"If it passes, it won't change North Carolina's law on marriage," he said in a message sponsored by the Coalition to Protect North Carolina Families. "What it will change is North Carolina's ability to keep good businesses, attract new jobs and attract and keep talented entrepreneurs."
A survey of 1,026 likely Democratic and Republican primary voters showed North Carolinians look poised to pass the amendment.
Raleigh-based Public Policy Polling found 55 percent of those questioned on May 5-6 supported the amendment banning gay marriage and civil unions while 39 percent opposed it. The poll had a margin of error of plus or minus 3.1 percent.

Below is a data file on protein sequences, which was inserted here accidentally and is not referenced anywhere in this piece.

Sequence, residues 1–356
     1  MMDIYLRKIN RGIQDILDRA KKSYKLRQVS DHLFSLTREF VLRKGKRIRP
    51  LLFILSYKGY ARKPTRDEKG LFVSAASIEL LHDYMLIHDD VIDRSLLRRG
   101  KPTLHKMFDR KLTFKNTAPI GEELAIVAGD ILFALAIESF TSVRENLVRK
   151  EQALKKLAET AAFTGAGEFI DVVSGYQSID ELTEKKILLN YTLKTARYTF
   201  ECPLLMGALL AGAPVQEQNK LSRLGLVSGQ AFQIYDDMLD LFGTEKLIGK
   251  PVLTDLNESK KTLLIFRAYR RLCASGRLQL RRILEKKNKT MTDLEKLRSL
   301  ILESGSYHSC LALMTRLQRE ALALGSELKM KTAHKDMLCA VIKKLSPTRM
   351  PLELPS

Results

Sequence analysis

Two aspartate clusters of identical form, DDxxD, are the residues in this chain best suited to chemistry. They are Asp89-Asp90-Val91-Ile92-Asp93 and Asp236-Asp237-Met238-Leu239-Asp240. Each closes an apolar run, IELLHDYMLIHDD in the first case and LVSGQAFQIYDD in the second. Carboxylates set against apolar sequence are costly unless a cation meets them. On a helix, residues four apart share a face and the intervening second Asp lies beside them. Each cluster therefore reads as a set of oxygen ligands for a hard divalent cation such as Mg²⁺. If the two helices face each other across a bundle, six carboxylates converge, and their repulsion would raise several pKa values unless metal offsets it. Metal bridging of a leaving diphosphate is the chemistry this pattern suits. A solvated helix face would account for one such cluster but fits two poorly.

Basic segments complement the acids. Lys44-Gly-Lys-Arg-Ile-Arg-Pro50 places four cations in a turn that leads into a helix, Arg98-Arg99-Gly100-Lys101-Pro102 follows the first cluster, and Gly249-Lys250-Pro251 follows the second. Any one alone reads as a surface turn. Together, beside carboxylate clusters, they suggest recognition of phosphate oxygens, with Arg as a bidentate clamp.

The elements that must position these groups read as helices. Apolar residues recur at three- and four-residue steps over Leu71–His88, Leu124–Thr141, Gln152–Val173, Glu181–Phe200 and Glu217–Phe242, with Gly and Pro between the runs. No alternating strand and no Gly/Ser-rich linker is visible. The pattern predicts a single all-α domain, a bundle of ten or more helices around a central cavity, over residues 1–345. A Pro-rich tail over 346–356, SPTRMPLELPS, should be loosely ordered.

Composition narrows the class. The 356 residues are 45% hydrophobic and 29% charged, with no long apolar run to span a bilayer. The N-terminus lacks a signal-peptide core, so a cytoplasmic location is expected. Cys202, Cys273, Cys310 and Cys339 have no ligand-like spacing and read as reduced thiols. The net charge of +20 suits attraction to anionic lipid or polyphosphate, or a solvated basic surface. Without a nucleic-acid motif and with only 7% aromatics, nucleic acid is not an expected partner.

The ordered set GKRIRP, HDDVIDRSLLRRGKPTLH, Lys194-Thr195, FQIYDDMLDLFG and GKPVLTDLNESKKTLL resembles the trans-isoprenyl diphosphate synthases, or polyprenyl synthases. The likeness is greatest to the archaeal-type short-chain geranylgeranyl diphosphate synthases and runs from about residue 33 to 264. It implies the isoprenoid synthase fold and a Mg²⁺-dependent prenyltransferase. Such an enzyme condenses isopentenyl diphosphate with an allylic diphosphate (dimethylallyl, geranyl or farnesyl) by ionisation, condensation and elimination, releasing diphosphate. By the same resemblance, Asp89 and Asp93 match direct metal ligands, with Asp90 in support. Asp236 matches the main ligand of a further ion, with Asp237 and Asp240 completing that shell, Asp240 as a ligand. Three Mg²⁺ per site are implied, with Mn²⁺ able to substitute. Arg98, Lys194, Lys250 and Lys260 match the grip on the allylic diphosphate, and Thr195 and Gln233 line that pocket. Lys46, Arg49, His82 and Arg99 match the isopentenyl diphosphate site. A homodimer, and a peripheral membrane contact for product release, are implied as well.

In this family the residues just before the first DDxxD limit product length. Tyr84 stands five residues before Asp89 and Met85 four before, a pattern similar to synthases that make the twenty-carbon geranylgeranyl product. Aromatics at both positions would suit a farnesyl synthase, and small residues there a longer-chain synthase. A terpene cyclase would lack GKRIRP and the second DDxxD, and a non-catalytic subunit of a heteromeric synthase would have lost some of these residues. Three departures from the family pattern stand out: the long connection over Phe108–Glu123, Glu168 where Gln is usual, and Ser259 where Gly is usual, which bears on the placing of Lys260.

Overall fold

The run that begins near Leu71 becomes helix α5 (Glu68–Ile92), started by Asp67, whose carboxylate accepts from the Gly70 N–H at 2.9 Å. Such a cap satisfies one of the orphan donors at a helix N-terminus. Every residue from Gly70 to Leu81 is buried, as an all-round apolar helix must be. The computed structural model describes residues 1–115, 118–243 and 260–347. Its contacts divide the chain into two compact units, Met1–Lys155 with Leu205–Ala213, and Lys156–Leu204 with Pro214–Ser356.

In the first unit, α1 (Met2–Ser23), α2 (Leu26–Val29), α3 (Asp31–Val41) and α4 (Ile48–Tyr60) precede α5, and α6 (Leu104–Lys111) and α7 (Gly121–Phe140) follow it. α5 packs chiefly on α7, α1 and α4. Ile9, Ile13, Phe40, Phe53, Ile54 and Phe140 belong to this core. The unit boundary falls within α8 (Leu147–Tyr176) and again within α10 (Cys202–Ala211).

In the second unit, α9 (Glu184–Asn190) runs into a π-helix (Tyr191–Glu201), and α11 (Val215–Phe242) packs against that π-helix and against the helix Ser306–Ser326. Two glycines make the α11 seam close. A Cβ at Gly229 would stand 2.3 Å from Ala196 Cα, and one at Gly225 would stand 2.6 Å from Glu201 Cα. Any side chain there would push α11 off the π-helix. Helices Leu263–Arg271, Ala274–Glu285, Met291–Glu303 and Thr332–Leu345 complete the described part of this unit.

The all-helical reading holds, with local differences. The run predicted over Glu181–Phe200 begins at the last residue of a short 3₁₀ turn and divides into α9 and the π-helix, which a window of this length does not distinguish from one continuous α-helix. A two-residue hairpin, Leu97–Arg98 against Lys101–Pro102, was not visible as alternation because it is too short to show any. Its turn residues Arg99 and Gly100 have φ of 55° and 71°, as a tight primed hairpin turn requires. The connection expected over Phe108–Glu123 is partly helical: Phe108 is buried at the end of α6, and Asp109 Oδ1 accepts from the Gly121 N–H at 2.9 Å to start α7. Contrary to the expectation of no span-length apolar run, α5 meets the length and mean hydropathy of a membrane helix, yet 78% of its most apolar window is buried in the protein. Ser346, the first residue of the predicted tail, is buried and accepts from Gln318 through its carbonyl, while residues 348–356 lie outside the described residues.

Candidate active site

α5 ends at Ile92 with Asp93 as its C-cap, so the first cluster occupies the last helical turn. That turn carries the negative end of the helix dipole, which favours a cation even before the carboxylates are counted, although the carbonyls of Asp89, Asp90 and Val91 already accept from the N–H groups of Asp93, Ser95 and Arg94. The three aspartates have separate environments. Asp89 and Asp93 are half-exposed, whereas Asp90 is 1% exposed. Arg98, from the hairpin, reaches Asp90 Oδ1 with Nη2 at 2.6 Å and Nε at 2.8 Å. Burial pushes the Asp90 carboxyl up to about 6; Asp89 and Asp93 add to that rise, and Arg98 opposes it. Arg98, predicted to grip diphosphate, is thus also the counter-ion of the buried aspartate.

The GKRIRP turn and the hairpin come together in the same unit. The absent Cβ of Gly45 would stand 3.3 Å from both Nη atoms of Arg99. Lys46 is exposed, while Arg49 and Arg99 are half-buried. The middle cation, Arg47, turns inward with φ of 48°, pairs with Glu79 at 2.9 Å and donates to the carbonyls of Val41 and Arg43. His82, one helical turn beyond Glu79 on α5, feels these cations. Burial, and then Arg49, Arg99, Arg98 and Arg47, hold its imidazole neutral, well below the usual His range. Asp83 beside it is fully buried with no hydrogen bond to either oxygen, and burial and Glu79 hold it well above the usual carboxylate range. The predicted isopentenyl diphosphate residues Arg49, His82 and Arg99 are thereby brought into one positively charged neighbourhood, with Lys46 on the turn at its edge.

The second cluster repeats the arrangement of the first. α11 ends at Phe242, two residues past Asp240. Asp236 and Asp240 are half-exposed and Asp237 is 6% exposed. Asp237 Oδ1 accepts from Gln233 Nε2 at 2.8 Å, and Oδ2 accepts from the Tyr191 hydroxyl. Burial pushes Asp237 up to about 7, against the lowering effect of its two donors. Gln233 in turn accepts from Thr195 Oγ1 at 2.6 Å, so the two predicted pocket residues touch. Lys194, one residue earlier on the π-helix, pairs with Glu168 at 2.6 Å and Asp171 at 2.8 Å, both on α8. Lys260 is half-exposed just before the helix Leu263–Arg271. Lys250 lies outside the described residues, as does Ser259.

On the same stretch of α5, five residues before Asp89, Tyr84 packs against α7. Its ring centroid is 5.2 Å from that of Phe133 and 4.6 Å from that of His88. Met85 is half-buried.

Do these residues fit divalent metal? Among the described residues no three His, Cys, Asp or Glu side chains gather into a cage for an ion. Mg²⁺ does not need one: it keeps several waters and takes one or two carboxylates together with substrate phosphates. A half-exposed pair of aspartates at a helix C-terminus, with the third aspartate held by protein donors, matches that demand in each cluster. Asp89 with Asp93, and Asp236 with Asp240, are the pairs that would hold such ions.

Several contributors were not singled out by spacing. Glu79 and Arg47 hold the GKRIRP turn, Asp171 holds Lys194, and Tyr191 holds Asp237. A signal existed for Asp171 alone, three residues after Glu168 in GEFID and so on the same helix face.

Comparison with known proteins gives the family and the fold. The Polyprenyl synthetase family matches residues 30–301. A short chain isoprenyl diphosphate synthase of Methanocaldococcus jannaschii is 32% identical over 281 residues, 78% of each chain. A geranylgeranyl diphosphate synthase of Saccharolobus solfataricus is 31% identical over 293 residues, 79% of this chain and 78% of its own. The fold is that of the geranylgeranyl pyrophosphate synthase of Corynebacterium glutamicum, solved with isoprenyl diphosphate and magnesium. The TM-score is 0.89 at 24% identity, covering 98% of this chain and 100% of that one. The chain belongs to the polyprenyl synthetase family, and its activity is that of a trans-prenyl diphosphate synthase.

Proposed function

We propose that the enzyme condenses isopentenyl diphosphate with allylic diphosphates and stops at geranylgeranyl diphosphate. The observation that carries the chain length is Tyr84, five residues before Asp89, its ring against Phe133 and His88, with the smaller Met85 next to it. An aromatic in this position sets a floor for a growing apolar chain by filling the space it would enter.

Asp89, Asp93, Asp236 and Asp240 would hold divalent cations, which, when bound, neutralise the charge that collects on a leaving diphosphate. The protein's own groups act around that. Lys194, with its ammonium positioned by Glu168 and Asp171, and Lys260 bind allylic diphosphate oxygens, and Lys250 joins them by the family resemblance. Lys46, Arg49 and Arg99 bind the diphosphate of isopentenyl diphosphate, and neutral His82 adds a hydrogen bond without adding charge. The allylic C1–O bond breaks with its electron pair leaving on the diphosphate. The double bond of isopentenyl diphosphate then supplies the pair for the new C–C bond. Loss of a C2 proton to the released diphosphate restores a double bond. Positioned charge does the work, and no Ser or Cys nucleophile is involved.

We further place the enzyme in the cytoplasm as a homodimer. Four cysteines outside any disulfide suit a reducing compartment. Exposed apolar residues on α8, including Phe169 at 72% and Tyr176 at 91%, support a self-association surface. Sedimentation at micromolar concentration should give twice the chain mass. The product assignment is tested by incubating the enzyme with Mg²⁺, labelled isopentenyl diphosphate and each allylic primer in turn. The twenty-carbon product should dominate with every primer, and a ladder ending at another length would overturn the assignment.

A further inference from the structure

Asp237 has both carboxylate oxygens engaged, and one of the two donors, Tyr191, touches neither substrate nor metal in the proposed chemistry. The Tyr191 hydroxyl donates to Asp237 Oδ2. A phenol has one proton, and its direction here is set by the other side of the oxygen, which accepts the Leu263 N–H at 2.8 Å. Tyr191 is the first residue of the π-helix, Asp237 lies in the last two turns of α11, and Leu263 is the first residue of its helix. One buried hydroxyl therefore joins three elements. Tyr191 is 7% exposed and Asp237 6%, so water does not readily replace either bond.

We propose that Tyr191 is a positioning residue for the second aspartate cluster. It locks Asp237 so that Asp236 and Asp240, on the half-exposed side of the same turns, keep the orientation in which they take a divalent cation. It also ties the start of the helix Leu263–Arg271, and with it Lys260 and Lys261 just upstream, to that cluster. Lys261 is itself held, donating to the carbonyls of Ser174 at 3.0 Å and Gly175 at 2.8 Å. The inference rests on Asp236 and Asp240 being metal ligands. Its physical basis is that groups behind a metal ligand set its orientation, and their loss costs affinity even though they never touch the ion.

Twenty-eight states have voter-approved constitutional bans on same-sex marriages, according to the National Conference of State Legislatures.
Massachusetts, Iowa, Vermont, New Hampshire, Connecticut, New York and the District of Columbia allow gay and lesbian nuptials. Maryland, New Jersey and Washington state passed laws this year approving same-sex marriage, but Governor Chris Christie vetoed New Jersey's law and opponents of Maryland's and Washington's are threatening ballot initiatives to overturn those laws.